Although mainstream political parties, academia and the media remained indifferent to Ambedkar and excluded him from educational curricula and so on, they were always conscious about the relevance of Ambedkar to Dalits. They were well aware of the increasing number of his followers, both in India and abroad. They also saw the number of people thronging to his statues in different parts of the country, on the occasion of his birth (April 14), death (December 6) and conversion to Buddhism (falling on the festival of Vijayadashami).

However, for the past two decades the electronic media, and for a decade the social media have made the masses and politicians realise that Ambedkar occupies a much larger space in the lives of Dalits and other marginalised sections than they had previously thought. For instance, ‘The Greatest Indian’ poll, sponsored by Reliance Mobile and conducted by Outlook magazine during June to August 2012, is one such survey which surprised many because of the number of votes Ambedkar got. In fact, many Dalit intellectuals argued that the survey was very cleverly designed. The survey had asked the pre-formulated question ‘Who is the greatest Indian after Gandhi’? Had they asked ‘Who is the greatest Indian?’, we have no doubt that the masses would have chosen Babasaheb Ambedkar as the greatest Indian”.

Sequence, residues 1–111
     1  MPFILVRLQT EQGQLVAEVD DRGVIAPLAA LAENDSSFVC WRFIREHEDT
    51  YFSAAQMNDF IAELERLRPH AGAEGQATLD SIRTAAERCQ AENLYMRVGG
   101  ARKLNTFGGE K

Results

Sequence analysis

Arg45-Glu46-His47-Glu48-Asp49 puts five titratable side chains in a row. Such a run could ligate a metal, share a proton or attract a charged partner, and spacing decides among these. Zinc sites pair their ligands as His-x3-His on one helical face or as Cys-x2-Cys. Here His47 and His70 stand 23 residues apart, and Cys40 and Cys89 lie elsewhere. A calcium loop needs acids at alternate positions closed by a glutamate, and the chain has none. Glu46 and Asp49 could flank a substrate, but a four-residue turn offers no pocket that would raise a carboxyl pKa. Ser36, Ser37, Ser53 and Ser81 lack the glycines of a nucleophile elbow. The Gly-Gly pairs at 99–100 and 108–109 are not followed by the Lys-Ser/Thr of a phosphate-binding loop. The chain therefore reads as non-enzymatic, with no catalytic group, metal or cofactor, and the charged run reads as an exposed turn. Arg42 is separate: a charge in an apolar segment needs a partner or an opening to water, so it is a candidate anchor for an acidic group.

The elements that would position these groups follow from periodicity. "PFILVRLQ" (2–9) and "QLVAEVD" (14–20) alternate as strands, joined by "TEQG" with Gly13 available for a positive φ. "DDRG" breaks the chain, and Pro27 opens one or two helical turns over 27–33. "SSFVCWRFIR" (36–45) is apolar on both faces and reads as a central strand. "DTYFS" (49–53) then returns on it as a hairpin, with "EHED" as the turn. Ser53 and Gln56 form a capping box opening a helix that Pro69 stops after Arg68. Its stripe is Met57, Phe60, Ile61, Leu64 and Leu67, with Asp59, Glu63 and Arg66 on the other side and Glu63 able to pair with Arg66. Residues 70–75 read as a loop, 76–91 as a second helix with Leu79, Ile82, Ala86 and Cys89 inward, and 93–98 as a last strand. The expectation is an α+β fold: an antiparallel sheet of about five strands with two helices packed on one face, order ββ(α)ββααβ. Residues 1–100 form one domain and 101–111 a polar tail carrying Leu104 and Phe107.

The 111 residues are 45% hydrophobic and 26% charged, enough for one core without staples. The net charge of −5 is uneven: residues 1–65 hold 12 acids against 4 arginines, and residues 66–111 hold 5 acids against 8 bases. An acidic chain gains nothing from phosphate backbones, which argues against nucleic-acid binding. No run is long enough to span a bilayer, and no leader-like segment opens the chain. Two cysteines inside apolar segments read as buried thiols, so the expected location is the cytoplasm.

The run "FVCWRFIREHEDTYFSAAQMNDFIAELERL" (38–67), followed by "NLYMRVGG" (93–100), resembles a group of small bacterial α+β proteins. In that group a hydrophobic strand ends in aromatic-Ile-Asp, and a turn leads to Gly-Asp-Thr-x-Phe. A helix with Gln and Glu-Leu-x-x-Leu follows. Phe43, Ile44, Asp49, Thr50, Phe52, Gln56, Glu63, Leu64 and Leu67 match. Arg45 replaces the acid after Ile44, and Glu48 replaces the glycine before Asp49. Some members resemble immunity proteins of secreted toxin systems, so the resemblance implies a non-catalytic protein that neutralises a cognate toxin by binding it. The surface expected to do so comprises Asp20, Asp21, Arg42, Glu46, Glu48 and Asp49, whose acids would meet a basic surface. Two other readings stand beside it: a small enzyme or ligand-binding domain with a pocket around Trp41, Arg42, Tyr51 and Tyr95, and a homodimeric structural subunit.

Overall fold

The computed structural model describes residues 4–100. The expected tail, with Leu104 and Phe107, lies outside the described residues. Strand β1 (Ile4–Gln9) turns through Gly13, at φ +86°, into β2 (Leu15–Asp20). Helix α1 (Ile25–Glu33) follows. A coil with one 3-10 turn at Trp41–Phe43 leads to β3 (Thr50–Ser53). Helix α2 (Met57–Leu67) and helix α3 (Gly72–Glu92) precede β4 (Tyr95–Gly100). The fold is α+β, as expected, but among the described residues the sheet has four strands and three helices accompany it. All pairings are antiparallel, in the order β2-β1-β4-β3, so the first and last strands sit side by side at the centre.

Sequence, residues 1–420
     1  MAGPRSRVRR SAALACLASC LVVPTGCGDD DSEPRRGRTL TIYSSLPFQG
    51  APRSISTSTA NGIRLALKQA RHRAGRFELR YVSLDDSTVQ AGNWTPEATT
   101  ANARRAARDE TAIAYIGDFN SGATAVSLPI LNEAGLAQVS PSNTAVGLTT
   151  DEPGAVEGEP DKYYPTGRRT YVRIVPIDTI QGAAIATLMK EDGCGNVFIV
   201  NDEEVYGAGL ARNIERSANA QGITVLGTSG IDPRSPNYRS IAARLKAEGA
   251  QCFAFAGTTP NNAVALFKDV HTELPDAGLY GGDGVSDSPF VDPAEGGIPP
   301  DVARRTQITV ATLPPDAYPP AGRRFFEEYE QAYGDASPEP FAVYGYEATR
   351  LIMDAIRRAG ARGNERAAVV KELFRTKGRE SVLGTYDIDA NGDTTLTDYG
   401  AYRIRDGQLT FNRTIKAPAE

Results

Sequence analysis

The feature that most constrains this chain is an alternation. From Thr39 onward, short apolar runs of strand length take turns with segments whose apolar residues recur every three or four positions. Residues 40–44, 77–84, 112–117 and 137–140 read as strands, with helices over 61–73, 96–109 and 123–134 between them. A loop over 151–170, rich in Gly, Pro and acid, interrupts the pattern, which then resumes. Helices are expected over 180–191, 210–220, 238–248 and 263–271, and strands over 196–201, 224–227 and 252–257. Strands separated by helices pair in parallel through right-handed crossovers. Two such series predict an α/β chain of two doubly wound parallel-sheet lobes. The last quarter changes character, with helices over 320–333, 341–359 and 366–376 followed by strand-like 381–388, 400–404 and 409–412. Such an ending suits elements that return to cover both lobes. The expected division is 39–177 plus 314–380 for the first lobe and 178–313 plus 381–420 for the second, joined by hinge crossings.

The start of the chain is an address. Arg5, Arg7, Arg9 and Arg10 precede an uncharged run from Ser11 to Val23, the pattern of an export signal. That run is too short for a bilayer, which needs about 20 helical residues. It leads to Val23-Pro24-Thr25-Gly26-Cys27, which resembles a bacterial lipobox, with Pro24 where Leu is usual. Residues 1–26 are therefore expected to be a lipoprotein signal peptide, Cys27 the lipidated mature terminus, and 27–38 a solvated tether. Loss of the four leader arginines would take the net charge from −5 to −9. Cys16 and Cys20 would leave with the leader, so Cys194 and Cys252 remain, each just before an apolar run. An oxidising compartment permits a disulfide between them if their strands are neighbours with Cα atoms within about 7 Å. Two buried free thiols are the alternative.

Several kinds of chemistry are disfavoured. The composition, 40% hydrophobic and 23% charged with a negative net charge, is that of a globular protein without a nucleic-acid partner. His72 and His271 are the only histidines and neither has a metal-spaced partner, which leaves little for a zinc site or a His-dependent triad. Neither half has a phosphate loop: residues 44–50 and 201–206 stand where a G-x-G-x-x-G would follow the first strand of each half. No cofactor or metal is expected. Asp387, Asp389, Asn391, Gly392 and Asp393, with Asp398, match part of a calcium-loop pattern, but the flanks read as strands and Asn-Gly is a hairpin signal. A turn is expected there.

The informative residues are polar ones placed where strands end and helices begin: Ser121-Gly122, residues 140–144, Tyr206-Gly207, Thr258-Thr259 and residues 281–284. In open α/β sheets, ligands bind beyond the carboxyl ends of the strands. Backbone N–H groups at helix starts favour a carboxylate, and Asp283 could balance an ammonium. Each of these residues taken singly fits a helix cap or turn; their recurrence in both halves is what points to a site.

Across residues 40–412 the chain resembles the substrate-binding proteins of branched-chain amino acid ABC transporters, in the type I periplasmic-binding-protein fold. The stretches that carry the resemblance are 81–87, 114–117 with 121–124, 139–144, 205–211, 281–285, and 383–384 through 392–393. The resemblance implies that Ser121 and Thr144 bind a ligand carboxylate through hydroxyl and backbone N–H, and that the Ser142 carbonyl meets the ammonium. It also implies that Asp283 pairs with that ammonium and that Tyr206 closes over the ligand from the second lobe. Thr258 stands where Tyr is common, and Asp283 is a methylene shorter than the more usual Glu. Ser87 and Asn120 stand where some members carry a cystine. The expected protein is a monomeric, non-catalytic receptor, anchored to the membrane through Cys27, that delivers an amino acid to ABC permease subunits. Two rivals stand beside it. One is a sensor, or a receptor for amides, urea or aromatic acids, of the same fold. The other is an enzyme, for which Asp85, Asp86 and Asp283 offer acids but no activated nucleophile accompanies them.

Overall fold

Dalits as political orphans

Another reason for Ambedkar’s increased relevance today is that mainstream political parties think that Dalits are virtually political orphans. To elaborate, they know that there is no Dalit leader who has a pan-India presence. This became more apparent to them after Mayawati’s loss in Uttar Pradesh and her confinement to UP politics. However, Congress, BJP and other political parties are aware that there exists an untapped assertive force among the Dalits, because of their long history of independent assertion which started with the Independent Labour Party (ILP), Scheduled Castes Federation (SCF) and Republican Party of India (RPI), all started by Ambedkar. Today, this independent assertive force is leaderless. The question before most political parties is simple: how to bring this vast mass under their banner? It would have been easy had they had a Dalit face with a mass following, which the Congress once had in Jagjivan Ram. But there is not even one Dalit leader today with that kind of national appeal.

For the Congress, the only credible Dalit face in the 16th Lok Sabha is Mapanna Mallikarjun Kharge, but even his popularity is most apparent in the southern parts of the country. Forget leadership, neither the Congress nor the BJP has ever appointed established Dalit leaders as spokespersons. Under these circumstances, there seems to be only one legitimate path to attract aspirational Dalit youth towards your political party: Ambedkar.

Mainstream politicos need Ambedkar because their own icons have been overemphasised and have failed to deliver social justice (especially the Gandhian concept of gram swaraj). The neo-liberal model of contemporary India has also not brought them any relief. The BJP’s icons are not acceptable to Dalits because of ideological reasons. Hence, under these circumstances, Ambedkar’s thoughts on social justice have become doubly attractive.

Ambedkar: A global citizen